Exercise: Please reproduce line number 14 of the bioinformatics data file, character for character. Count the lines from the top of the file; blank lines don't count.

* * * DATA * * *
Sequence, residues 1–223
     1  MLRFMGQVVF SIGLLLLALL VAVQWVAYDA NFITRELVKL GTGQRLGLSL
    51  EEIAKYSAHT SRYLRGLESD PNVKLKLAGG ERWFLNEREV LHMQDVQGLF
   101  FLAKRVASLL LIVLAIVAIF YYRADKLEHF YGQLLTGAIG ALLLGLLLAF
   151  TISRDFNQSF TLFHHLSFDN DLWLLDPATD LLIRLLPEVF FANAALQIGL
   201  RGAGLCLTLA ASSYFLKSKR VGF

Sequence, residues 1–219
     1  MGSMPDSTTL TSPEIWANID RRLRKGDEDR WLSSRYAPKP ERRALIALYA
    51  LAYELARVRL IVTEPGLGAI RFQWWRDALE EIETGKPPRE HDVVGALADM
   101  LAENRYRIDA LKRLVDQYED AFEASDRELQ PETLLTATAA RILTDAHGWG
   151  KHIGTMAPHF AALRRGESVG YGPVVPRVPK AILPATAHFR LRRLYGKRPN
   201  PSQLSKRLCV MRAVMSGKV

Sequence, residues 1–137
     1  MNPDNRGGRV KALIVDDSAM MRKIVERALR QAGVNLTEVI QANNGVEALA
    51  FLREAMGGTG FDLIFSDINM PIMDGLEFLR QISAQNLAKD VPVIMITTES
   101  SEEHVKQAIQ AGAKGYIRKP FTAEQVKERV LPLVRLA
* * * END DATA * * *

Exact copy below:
     1  MNPDNRGGRV KALIVDDSAM MRKIVERALR QAGVNLTEVI QANNGVEALA